Carroll Shelby is deservedly famous for dropping a large American V8 into a lightweight British roadster and creating the AC Cobra, a car that would go on to become one of the most iconic automobiles of the 20th century.
What many people don’t know is that 10 years before the first Cobra was built in 1962, Carroll was driving an Allard K3 Roadster – a lightweight British convertible with an American V8 bolted into the engine bay. The influence the car had on him can’t be denied and although the K3 is largely lost to history, the catalyst-effect the small convertible had on the future of sports cars is undeniable.
Sydney Allard started the Allard Motor Company Ltd in 1945, a few months after the end of WWII. He was a gentleman racer with strong engineering instincts and he created vehicles that would take a slew of 1st, 2nd and 3rd positions in major races, including podiums at the 24 Hours of Le Mans and a win (with Sydney himself behind the wheel) at the Monte Carlo Rally in 1952 (interestingly the 2nd place finisher that year was a young Stirling Moss).
The Allard K3 was the follow-on model to the original K1 and K2, it was essentially a British chassis and body that was sent to the USA where it was fitted with the owner’s engine preference. Most are fitted with Cadillac engines but a few of the 57 cars sent to the States were fitted with a higher performance Chrysler Hemi V8 – like the model you see pictured here.
The lightweight alloy body coupled with a semi-independent swing axle on the front and de Dion-type rear axle suspension gave the car exceptional handling, the Hemi V8 with dual 4-barrel carburettors and mated to a 4-speed manual transmission gave the Allard K3 overall performance that could comfortably match anything of the era.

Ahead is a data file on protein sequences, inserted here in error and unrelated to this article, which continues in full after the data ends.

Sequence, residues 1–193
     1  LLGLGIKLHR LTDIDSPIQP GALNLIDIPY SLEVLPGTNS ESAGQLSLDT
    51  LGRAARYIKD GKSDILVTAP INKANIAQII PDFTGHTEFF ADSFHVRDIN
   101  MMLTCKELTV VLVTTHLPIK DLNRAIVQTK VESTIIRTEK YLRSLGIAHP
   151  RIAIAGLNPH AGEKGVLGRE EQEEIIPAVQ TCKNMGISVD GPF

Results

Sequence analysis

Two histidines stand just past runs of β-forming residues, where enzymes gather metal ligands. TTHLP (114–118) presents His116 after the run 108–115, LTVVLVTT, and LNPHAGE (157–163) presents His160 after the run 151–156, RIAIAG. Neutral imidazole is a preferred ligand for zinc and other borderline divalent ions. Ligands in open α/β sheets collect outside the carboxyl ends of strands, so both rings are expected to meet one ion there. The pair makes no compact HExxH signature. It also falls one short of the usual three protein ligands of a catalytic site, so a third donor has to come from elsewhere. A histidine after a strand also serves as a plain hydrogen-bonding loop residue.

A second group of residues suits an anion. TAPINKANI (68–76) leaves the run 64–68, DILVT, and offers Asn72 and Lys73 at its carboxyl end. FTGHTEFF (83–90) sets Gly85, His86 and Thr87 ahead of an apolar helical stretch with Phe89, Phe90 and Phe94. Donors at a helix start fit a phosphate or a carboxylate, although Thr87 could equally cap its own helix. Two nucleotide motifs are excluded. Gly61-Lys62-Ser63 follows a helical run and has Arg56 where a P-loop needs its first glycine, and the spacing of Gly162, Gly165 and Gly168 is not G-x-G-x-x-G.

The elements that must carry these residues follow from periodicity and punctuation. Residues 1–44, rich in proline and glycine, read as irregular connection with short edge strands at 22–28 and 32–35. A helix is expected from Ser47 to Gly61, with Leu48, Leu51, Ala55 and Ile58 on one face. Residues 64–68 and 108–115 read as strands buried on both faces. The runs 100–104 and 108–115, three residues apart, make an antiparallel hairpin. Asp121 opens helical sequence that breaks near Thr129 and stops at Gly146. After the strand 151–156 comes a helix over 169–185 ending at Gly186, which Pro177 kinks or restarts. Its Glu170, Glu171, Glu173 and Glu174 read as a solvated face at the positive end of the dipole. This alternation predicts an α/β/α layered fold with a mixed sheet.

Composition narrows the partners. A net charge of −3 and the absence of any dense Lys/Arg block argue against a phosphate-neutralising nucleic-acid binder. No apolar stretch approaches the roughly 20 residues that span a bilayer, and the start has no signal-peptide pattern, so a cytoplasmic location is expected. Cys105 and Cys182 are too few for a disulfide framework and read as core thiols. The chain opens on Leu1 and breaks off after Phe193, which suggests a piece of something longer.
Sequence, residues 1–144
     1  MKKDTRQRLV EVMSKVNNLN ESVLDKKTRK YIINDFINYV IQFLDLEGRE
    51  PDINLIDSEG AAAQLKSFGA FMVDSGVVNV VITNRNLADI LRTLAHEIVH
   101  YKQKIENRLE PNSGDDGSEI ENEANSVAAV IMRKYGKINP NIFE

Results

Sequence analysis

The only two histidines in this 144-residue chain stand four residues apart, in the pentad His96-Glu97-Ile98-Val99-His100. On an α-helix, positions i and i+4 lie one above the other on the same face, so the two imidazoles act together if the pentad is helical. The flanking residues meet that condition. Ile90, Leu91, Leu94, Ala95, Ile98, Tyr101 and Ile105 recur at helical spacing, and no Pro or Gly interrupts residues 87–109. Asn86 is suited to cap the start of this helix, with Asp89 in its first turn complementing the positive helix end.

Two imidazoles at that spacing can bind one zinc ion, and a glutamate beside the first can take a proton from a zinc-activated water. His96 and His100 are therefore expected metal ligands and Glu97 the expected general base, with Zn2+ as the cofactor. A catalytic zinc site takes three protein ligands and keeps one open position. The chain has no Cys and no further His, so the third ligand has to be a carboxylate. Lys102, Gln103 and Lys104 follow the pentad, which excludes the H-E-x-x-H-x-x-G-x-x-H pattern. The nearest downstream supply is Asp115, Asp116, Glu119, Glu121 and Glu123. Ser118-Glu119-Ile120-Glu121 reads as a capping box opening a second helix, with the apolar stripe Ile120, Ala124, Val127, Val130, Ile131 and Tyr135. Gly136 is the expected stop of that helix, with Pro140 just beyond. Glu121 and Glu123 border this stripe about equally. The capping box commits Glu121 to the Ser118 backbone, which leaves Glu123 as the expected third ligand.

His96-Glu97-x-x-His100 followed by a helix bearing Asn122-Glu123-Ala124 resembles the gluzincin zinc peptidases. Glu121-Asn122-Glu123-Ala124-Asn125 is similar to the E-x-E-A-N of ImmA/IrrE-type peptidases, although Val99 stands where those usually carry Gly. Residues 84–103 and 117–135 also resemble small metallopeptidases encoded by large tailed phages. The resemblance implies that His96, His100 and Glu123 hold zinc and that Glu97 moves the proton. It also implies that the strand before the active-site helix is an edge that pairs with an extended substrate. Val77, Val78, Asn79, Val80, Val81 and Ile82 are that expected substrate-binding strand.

The K3 was built between 1952 and 1956, each was painstakingly made by hand which resulted in some variance between models from different years. Allard’s facilities were never quite on par with other British car makers, resulting in a total production volume of only 62 units. Somewhat surprisingly the prices on the surviving Allard K3s aren’t anywhere near as prohibitive as AC Cobra ownership – K3s generally sell for somewhere between $100,000 and $150,000.
If you’d like to read more about the car pictured here or register to bid on it at the upcoming Amelia Island Auction on the 8th of March, you can click the link to visit RM Auctions.
Ben has had his work featured on CNN, Popular Mechanics, Smithsonian Magazine, Road & Track Magazine, the official Pinterest blog, the official eBay Motors blog, BuzzFeed, and many more.
Silodrome was founded by Ben back in 2010, in the years since the site has grown to become a world leader in the alternative and vintage motoring sector, with millions of readers around the world and many hundreds of thousands of followers on social media.
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